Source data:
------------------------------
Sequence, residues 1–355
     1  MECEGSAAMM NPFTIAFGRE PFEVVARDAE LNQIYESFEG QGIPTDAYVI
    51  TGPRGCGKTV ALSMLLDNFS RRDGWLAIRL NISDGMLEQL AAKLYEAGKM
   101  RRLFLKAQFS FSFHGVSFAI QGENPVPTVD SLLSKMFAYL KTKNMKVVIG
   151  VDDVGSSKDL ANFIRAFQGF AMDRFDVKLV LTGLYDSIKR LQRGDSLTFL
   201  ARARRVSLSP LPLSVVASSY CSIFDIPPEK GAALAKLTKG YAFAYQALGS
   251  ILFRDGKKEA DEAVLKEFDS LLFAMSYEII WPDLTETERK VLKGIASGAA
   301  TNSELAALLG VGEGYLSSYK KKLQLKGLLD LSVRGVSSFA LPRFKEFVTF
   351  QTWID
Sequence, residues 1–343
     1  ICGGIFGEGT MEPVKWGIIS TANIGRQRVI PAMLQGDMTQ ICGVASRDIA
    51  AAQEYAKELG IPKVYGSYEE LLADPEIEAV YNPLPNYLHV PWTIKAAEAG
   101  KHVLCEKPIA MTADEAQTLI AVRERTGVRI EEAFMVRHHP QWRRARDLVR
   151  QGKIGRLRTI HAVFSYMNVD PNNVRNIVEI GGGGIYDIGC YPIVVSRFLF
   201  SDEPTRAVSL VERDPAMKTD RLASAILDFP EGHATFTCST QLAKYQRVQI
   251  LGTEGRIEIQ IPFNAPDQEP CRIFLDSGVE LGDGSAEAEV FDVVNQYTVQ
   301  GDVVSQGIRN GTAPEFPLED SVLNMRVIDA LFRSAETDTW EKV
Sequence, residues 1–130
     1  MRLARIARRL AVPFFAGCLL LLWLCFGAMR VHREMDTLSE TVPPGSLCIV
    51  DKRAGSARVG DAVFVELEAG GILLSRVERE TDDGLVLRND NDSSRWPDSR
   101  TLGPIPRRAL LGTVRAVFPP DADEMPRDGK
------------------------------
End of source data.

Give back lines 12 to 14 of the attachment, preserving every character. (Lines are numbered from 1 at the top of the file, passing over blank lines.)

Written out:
    51  AAQEYAKELG IPKVYGSYEE LLADPEIEAV YNPLPNYLHV PWTIKAAEAG
   101  KHVLCEKPIA MTADEAQTLI AVRERTGVRI EEAFMVRHHP QWRRARDLVR
   151  QGKIGRLRTI HAVFSYMNVD PNNVRNIVEI GGGGIYDIGC YPIVVSRFLF